‘Sicko’ could heal documentaries

Genre slumps after spate of B.O. winners

The Weinstein Co. and Lionsgate are hoping it is going to be a “Sicko” summer. So do plenty of exhibs and distribs in the docu world.

After “Bowling for Columbine” and “Supersize Me” helped heat up the genre, the bar was set awfully high for docus, with “March of the Penguins,” “Fahrenheit 9/11” and “An Inconvenient Truth” upping the stakes even more.

This year, though, the public’s love affair with docs seems to have cooled, with 29 releases grossing less than $2 million combined. Many hope “Sicko” can add some spark to the genre, but the docu world is seeing a market correction.

Instead of a wide release of “Sicko,” the bow has been scaled back to something closer to 800 runs, and TWC says it’s hoping for a gross in the range of “Bowling for Columbine’s” $21.6 million, not “Fahrenheit’s” $119 million.

The return to rationality was perhaps inevitable for a corner of the film market that hasn’t traditionally drawn huge buzz or box office.

The title of 2007’s top-grossing doc is telling: “Into Great Silence,” a nearly three-hour film about Carthusian monks with no dialogue, which has grossed $666,587. (“Angry Monk,” by comparison, made $3,178. There’s a lesson somewhere there.)

“The audience becomes conditioned to be able to process certain kinds of filmmaking,” says Tom Bernard, co-prexy of Sony Pictures Classics. “So when ‘Survivor’ happened (in 2000), people started being able to latch onto the documentary form that used to be a much smaller part of the film world.”

Ted Mundorff, chief operating officer at Landmark Theaters, says docs “used to be thought of as something you’d see in seventh grade on a 16mm projector. Filmmaking today is so much more dynamic. People didn’t say ‘March of the Penguins’ was a documentary — they just found it entertaining.”

A few docs with commercial hooks got traction when they managed to tap the cultural zeitgeist earlier this decade. Reality-obsessed tabloids blossomed, biopics enjoyed a resurgence (think “Ray” and “The Queen”) and reality started to fill every cranny of the TV dial. Now, at this saturation point, theatrical returns for docs are slipping significantly, with much of the upside shifting to ancillaries.

Since the release of “An Inconvenient Truth” more than a year ago, only “Wordplay” has really resonated, with a $3.1 million tally that’s big by doc standards. In that period, pics with festival and press attention like “God Grew Tired of Us,” “Deliver Us From Evil,” “Zoo” and “Air Guitar Nation” have struggled.

In 2006, docs did $55 million, but even that was a big dip from 2005 — the watershed year of “March of the Penguins,” “Mad Hot Ballroom,” “Enron: The Smartest Guys in the Room” and “Grizzly Man” — when the tally was $116 million. Thanks to films like “Penguins,” five of the top-grossing titles for Landmark’s national arthouse chain were docs in 2004 and 2005. In ’06, the number fell to three of 25 and thus far in ’07 only “Silence” has been a noteworthy performer.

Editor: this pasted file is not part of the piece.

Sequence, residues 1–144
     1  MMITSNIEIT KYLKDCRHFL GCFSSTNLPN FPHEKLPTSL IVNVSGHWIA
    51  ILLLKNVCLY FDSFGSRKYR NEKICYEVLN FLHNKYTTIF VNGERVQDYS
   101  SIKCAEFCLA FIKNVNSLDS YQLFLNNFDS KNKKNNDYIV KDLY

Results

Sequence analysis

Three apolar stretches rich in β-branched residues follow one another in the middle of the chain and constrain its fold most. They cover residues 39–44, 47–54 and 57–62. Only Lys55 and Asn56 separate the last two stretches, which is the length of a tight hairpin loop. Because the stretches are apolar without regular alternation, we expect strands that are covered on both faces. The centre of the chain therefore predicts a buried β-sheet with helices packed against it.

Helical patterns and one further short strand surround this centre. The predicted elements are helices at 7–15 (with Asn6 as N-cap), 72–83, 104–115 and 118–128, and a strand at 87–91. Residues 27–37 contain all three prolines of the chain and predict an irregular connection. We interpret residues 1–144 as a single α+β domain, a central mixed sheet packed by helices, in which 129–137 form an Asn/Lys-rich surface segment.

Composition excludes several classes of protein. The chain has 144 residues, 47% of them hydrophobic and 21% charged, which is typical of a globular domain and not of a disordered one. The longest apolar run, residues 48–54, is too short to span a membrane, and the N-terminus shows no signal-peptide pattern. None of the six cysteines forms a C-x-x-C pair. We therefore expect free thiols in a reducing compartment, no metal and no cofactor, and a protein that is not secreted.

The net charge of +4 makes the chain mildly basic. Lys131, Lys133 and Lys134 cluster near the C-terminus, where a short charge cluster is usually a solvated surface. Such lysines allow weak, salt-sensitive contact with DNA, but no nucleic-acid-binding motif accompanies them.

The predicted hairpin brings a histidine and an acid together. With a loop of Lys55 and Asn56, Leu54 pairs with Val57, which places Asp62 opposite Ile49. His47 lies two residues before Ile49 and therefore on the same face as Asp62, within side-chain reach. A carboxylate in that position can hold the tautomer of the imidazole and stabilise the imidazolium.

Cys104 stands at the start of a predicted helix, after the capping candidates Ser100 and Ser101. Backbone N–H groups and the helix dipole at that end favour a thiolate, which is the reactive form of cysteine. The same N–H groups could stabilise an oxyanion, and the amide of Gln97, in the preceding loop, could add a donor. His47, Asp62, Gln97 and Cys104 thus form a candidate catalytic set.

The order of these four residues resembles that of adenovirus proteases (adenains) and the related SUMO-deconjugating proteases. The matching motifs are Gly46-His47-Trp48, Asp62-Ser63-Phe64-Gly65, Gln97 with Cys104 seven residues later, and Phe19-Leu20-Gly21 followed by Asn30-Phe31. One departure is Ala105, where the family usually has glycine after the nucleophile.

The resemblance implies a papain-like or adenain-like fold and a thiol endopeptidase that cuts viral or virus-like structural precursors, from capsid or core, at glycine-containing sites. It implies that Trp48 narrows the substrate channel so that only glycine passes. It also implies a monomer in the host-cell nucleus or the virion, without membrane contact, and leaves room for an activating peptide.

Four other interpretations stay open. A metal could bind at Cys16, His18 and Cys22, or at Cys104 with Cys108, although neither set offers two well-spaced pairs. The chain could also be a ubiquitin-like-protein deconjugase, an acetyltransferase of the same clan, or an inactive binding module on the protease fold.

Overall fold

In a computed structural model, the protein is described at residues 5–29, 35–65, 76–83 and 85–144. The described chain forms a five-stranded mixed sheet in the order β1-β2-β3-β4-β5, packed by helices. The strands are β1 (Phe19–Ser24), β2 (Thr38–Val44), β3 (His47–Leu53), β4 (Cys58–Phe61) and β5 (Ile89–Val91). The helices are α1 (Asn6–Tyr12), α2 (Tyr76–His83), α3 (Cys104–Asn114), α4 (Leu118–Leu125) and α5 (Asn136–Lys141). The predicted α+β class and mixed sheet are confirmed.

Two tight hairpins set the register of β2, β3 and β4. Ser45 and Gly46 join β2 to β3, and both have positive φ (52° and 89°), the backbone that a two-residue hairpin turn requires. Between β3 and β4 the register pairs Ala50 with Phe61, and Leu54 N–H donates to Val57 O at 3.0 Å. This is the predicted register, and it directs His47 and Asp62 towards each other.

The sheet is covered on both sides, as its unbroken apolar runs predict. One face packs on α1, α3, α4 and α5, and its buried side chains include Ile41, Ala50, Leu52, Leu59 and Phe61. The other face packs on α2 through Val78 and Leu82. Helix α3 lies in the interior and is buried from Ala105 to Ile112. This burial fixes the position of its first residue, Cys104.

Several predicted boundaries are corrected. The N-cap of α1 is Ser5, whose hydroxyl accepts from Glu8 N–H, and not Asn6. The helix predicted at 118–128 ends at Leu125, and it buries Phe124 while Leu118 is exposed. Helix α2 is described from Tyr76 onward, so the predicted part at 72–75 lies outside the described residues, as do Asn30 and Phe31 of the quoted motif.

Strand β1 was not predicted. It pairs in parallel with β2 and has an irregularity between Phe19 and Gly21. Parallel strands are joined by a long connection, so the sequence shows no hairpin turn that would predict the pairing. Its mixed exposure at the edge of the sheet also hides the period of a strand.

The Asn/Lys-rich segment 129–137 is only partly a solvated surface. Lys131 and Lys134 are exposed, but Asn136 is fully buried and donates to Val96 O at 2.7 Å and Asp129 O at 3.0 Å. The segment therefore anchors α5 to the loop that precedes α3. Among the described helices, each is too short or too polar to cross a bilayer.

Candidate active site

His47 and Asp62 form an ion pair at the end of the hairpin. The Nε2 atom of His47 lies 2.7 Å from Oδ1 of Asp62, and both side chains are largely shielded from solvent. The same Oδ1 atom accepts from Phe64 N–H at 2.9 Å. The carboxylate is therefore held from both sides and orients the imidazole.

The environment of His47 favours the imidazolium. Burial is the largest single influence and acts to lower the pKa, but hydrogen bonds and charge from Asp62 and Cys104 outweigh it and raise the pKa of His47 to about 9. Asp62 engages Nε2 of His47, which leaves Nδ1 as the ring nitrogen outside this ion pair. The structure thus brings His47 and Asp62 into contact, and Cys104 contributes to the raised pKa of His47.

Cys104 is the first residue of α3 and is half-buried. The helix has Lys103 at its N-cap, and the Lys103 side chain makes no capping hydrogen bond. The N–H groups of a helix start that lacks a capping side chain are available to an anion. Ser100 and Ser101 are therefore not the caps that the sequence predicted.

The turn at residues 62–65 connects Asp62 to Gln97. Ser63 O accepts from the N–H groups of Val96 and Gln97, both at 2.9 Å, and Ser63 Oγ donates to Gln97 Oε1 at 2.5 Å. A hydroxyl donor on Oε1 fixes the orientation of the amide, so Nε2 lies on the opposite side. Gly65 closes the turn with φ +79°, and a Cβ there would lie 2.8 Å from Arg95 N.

“There is a little bit of a fatigue factor right now in the public with documentaries because a lot of films that are coming out are addressing hard subject matter,” says Heidi Ewing, who co-directed “Jesus Camp,” which was released last September amid plenty of press and cumed $902,544. “Filmmakers feel a responsibility right now to address the war, the state of the union, and sometimes those stories are hard to watch.”

Especially in a 24-hour mediasphere that includes Web video and mobile content, director Morgan Spurlock says audiences “hear it on the news and they see it on television so they probably go, ‘Why do I want to go a theater and pay $10 to see something that might further depress me about what is happening in the world?’ ”

That was a topic on many minds at the fifth annual Silverdocs, the Washington, D.C.-area docu film fest that unspooled June 12-17. Many of the 100 films from 41 countries tackled serious issues, among them “Taxi to the Dark Side,” a Tribeca prize-winner about U.S. military torture practices; the abortion pic “Lake of Fire” and the Sundance opener “Chicago 10.”

Jonathan Demme’s “New Home Movies From the Lower 9th Ward,” which examines the aftermath of Hurricane Katrina, also premiered at Silverdocs. The fest’s closing-night pic has been tabbed by some B.O. watchers as a beacon of commercial hope: National Geographic’s “Arctic Tale” tracks a polar bear and a walrus.

Even those making, distributing or exhibiting “harder” docs have had stars in their eyes since the boom began, Ewing says. “Everybody hopes that you are going to make the documentary that makes $40 million or $50 million,” she says. “But the reality is that the life of it does not end in the theater.”

Just ask Spurlock, who is wading into political waters with his next effort, a film about the hunt for Osama bin Laden.

“There are so many other places for people who distribute docs to make money,” he says. “It’s not just about one place anymore, which used to be television. I think with the popularity of theatrical and now with the boom of the DVD, to pay $1 million for a documentary that you know is going to have some legs — I don’t think that is unheard of.”

Sony Classics, in fact, just paid in the range of $1.8 million for the Sundance entry “My Kid Could Paint That,” though Bernard is quick to note that it is a worldwide deal.

Mark Cuban-owned Magnolia Pictures is known as a doc haven, having steered “Enron” past $4 million. It has also gotten some promising early returns on “Crazy Love.”

Magnolia prexy Eamonn Bowles says the reality TV boom has been a boon to docs.

“People see that they can be in really dramatic situations without stars and agents, just normal people. People next door can truly have mind-twisting stories.”

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